Wednesday, March 30, 2011

Say It Isn't So...

Maryland was once the home of a well-respected horse racing industry. In recent years (and by recent, I mean during my lifetime - the past 20-something years), the purses have diminished to a pittance leading many serious owners to pursue out-of-state races just to stay in the black. But with a vice-tight grip, Maryland has managed to hold on to one last "jewel" - The Preakness Stakes, otherwise known as the second race of the Triple Crown.

Now, for those of you not up to speed on the history of the race or its racetrack, please accept this (mostly factual) account of recent events:

  • Preakness, the second oldest leg of the triple crown, has been held at Pimlico Race Track since its inception in 1873 and is named in honor of the first horse to win a race at the track when it opened 3 years earlier.
  • Pimlico Race Track, once in a decent area of Baltimore City, is now surrounded by one of Baltimore's less-than-idyllic neighborhoods thanks to a rise in crime over the past (eh, this is a guess) 20 years.
  • Preakness generates around $40 million dollars for Baltimore City and Maryland each year.
  • Typically, Preakness is viewed from 3 vantage points - The Grandstand/ Clubhouse (nice and pricey), Private Tents (again, nice and pricey), and The Infield (Animal House on steroids).
  • In 2006, I went to Preakness (infield) with a group of friends (it was BYOB at the time). People were sloppy drunk, racing across the tops of in-line portable toilets (yes, you read that right - if you don't believe me, YouTube it), and doing lots of other things I'd rather not recall with any clarity. Suffice it to say, I got separated from my friends on the way back to the car (which was parked on someone's front lawn for the bargain price of $40) and my cooler full of Natty Boh was taken out of my hands by four white guys who could have started for the University of Alabama football team. Oh and my cell phone had run out of juice. Bonus.
  • In 2009, The Maryland Jockey Club nixed the BYOB privileges for infield go-ers and took a huge hit on their earnings from the race. The same year, the company who formerly owned Pimlico filed for Chapter 11 bankruptcy protection. Governor Martin O'Malley vowed to refuse to let this end the tradition of Preakness being held in Maryland. (Explain to me how a state with a deficit can afford to play "Navy SEAL rescue mission" when a private company can't get their act together? Hmm...)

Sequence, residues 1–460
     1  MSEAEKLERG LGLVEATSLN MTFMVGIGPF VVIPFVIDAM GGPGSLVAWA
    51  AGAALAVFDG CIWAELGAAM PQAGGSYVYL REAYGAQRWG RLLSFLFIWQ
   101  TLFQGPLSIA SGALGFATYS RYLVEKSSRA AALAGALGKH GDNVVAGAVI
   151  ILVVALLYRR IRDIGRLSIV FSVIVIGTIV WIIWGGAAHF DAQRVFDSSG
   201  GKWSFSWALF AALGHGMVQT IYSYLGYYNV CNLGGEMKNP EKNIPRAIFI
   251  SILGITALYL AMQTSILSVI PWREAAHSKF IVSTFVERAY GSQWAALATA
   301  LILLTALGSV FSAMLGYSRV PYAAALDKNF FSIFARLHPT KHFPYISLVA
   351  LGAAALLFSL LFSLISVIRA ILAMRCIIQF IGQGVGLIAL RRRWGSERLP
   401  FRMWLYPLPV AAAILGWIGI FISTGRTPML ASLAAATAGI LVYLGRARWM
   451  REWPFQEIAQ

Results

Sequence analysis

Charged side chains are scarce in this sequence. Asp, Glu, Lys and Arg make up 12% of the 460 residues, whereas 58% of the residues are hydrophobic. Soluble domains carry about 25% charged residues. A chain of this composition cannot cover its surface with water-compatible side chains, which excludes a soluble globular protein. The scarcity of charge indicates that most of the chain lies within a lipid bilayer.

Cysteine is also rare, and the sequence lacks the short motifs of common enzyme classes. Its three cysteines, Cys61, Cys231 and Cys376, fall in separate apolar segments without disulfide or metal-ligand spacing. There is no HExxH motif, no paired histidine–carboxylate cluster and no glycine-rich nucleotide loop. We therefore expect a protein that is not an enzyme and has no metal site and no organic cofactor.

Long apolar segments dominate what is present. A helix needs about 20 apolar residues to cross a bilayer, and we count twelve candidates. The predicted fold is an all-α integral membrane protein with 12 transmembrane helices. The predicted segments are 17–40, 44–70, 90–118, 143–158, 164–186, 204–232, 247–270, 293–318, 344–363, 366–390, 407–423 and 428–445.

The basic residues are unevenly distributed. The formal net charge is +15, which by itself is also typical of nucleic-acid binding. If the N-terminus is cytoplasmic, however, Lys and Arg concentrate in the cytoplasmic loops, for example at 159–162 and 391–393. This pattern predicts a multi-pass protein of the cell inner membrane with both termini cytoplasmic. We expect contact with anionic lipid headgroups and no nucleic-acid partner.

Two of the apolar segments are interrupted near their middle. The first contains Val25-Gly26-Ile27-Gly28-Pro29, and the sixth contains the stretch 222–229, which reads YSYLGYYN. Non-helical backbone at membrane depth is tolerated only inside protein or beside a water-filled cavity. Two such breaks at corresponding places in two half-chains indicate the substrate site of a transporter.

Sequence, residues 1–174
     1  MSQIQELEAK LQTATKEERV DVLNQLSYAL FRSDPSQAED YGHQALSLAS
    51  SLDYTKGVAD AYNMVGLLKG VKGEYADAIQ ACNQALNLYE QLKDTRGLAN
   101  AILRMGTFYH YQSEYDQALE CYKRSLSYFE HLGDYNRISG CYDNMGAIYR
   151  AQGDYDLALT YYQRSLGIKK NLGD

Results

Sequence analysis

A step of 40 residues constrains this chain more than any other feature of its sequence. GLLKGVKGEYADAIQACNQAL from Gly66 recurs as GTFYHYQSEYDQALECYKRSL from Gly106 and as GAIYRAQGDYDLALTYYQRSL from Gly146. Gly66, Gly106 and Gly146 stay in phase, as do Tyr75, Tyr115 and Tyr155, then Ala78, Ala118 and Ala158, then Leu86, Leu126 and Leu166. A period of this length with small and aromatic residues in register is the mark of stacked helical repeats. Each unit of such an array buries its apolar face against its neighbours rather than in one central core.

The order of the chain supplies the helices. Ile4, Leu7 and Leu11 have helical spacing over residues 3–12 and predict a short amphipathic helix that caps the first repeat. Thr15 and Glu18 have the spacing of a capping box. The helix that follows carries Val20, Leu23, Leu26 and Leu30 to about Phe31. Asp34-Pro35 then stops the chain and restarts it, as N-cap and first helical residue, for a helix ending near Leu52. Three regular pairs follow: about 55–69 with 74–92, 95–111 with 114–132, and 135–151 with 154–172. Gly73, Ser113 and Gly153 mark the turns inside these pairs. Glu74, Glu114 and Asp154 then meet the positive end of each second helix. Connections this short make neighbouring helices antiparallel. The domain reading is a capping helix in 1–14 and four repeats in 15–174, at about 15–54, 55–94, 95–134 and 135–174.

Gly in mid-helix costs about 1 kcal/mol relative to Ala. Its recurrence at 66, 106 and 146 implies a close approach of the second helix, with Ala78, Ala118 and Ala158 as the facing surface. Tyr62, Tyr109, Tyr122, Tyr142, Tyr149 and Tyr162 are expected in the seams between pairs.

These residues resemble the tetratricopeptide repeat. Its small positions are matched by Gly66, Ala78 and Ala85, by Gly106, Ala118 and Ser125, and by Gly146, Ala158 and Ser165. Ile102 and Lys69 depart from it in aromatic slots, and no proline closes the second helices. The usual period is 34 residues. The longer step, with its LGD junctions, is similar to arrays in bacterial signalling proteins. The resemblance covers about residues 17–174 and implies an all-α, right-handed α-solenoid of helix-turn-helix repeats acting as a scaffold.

• In 2010, The Maryland Jockey Club decided to use a bold marketing slogan and infield musical acts to attract the younger generations back to the infield for a day of excessive drinking and betting - "Get Your Preak On" was born.
  • This year, the same ad agency was commissioned to find another way to lure "21 and up" crowds to the infield (because let's be honest, some of those infielders look nothing like their IDs) - the creation? A half-horse, half-man mascot known as the Kegasus. (Cue: Head in hands and shame.)

First of all - as anyone with a semi-decent education (or a love of Harry Potter) can tell you, a half-man, half-horse creature is a centaur - not a Pegasus (horse with wings). Presumably, the "Kegtaur" was entirely too complicated for the masses and just not as catchy. Secondly, "Kegasus Lord of the Infield"? Are they trying to draw the World of Warcraft geeks from their computers for an afternoon at the track?

Forget about the cries from parent groups that this new mascot will encourage binge drinking because all-day drinking has been a part of Preakness since its inception albeit probably started out as well-dressed, upper-crust types sampling bourbon from flasks all day long. You could even say it's tradition. Forget about the fact that someone was actually paid to come up with this mascot (if I knew it was that easy, I would have gone into marketing!) and that someone (who obviously hasn't seen the inside of a gym in a while) was paid to pose for the likeness of this Kegasus.

This is a desperate attempt to appeal to the basest crowds in Baltimore - in other words, with an invitation like that, who do you think is going to show up? Congratulations, Maryland Jockey Club. In a state whose racing industry is already on the ropes, you're working to ensure that any remaining dignity of our 138- year old "jewel" is traded for short-term additions to your coffers.

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